In those countless little day-to-day situations, people make different combinations of decisions.  There are differences in how strongly people follow the call of the life force.  Some heed that call in a very high percentage of cases.  Even the interests of their own children take second place to their personal needs and desires.  Other people, at the opposite extreme, tend to subordinate their needs to those of others.  These people resist life’s priorities, deliberately and often putting themselves at risk of damage and, if necessary, death.

There is a saying:  if you go looking for trouble, you will probably find it.  Life is for the living, and that tends to mean that those who don’t mind their own business and just pursue their own best life prospects risk premature death.  As another saying advises, only the good die young.  Or as Primo Levi put it, writing of the Holocaust, the best died first; those who survived tended to be the selfish, the violent, the collaborators, the spies.  In short, life’s ugliness tends to predict the character traits that life favors.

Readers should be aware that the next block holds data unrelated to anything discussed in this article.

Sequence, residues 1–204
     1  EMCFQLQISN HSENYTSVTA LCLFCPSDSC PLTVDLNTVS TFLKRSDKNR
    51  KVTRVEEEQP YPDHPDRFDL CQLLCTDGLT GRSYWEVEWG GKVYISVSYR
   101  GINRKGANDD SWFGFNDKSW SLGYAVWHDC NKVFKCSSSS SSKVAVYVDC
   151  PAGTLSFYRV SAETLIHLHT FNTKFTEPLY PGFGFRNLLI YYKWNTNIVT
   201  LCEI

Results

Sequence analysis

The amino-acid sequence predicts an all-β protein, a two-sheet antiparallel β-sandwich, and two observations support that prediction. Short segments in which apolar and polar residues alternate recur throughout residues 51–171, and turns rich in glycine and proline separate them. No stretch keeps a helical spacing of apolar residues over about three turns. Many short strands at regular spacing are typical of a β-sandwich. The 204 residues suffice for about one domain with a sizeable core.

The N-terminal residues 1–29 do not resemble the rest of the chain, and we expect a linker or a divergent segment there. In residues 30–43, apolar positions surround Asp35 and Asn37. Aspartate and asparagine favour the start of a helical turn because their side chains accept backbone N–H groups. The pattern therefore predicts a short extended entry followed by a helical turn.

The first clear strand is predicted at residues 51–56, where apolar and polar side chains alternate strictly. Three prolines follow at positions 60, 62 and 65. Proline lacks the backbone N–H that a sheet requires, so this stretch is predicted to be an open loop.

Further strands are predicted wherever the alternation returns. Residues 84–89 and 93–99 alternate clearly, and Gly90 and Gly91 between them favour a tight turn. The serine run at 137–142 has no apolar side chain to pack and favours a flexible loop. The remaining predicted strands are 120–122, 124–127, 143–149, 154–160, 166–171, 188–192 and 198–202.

Talk of selflessness can seem wrongheaded, to those who have little exposure to the downside of life.  When everything is going well, it can be easy to believe that everyone can succeed, that what the world needs is better training for success – not an unselfishness that might confuse a tidy system of rewards for merit.  Those who believe such things may feel that the situation is simple indeed:  life is good, death is bad, and one’s duty is to become stronger and more capable.  It may take direct or vicarious experience to pop that bubble, to acquaint the naïve with the seamy ingredients of success, with how quickly success can fade, with what life is like for those who lose success or who never had it.  Failure, loss, and rejection are much easier to understand when you experience them firsthand.